Tuesday’s CPI report came in a touch hotter than expected at 3.2% on the headline and 3.8% on the core. Analysts were looking for 3.1% and 3.7%. Bonds sold off on the news as investors started to project the likelihood of later rate cuts. Some analysts will say that this is the beginning of a big resurgence in inflation or a sign that disinflation isn’t entrenched, but the early 2024 stickiness in inflation is largely unsurprising and doesn’t change the broader trend here which is to the downside.

It’s worth keeping the big picture in mind here as we look at one month of inflation data and that trend is still strongly to the downside. The rate of change has slowed a bit in recent months, but that’s largely due to the seasonal quirks around year-end and the naturally slow rate of change in shelter. And there’s still very good news in there as the shelter component is still reading 5.8% year over year which is going to overstate shelter’s contribution to CPI for the rest of this year. I say this is good news because I expect shelter to moderate into the 3.5% range over the coming 18 months and that will put overarching downward pressure on the inflation readings for at least another year. So, these short-term readings will cause near-term overreaction in the course of a much longer downward trend.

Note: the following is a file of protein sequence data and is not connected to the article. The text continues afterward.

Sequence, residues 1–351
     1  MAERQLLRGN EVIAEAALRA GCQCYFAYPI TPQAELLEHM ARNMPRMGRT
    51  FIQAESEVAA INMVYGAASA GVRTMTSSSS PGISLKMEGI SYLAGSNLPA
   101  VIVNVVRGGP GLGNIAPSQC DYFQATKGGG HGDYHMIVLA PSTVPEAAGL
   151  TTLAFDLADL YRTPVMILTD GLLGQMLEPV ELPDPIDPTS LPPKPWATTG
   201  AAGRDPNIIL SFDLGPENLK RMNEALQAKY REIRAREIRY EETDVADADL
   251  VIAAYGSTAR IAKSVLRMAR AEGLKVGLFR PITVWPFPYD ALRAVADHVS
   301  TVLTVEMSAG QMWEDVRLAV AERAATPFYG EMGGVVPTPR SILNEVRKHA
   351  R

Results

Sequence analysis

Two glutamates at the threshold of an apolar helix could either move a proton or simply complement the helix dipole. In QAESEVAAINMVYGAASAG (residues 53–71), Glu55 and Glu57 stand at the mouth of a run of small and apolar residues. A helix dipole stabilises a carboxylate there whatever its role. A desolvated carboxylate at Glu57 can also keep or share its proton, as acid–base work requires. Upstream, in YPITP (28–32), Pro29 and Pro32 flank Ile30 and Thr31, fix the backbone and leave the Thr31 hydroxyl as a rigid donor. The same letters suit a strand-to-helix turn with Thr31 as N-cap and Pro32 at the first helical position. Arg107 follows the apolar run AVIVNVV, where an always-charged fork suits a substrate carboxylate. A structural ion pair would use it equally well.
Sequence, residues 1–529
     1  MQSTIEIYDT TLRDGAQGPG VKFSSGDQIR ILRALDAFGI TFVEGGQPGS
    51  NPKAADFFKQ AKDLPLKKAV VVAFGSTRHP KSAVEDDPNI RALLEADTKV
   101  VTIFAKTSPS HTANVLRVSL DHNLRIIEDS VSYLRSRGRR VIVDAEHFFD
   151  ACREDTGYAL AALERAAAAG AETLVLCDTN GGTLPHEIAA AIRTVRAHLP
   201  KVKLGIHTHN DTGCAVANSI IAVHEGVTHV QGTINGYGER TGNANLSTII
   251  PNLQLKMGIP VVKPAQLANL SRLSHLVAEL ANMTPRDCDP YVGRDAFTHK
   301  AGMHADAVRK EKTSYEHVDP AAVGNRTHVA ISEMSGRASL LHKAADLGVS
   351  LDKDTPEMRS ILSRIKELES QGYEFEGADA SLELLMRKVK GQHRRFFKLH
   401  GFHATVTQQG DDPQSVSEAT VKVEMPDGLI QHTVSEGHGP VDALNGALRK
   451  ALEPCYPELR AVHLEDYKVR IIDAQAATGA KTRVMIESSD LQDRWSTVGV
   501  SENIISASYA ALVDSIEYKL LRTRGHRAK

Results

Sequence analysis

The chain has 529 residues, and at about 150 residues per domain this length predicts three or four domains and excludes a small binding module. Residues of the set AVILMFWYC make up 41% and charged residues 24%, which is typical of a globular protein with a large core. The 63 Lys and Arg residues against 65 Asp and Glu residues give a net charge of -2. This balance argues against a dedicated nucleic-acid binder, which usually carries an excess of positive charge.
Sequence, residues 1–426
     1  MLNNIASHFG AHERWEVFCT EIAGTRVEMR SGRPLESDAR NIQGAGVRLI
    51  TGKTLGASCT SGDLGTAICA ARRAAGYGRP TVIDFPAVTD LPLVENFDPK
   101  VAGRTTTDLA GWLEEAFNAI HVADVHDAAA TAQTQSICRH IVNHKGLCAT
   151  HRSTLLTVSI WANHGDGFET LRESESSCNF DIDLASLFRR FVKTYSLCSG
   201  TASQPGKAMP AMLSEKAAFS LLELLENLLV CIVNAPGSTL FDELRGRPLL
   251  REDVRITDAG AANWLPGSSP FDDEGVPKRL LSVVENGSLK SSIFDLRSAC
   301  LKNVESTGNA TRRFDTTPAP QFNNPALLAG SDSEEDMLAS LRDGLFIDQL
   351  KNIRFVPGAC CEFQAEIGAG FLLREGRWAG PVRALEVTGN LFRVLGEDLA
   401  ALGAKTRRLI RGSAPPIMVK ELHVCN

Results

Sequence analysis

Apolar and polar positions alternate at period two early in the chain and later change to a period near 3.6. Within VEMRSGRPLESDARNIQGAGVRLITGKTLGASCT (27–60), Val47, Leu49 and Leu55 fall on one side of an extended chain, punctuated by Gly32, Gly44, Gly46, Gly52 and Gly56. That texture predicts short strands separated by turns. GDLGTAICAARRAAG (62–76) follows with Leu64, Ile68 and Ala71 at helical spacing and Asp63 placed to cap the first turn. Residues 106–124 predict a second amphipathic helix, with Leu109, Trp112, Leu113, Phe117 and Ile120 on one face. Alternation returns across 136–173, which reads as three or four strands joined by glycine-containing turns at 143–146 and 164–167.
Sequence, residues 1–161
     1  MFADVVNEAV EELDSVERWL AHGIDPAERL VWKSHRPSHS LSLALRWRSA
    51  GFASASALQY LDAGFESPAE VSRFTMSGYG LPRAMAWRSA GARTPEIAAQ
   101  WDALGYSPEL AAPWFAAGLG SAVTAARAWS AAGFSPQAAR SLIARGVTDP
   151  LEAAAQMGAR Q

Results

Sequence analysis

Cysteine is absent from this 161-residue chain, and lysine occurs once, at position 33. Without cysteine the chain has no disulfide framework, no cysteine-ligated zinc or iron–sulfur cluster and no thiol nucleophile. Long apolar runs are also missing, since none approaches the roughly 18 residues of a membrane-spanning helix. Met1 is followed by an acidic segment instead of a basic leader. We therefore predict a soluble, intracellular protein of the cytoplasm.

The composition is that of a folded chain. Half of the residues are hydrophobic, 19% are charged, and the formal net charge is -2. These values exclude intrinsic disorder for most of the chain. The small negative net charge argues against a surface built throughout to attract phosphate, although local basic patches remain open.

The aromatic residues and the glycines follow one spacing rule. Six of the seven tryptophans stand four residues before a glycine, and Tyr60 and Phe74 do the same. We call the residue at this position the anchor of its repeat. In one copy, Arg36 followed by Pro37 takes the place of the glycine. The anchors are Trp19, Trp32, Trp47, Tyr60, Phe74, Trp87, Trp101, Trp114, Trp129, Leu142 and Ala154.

There’s more confirming evidence of disinflation across the economy. The two biggies are commodity prices and wages. Last week’s employment report showed a continuation of disinflation in wages. Meanwhile, commodities are still down -5% year over year. These are very good signs for current and future inflation trends as they’re consistent with low rates of inflation. In order to get a big second bump in inflation, that offsets the downward trend in shelter, we’d need to see a big surge in both commodities and wages. That’s simply not happening.

The bottomline: inflation is still in a downtrend and as I noted at the end of last year, moving from 3% to 2% inflation is going to be a bigger struggle than moving from 6% to 3%. Additionally, the rapid pace of disinflation in the second half of 2023 created irrational expectations for the pace of rate cuts in 2024. The March and May cuts never made sense and we remain in the June camp.

If there’s one thing I’ve learned about markets and economics over the years it’s that things usually take longer to materialize than we hope. The economy is a great big moving system and while our lives feel like a flash in the pan the economy and the world move at a pace that is much slower than we’d like. So a little patience and discipline is all we need here. Before long we should see a continued downtrend in the pace of disinflation that spoiled us in 2023.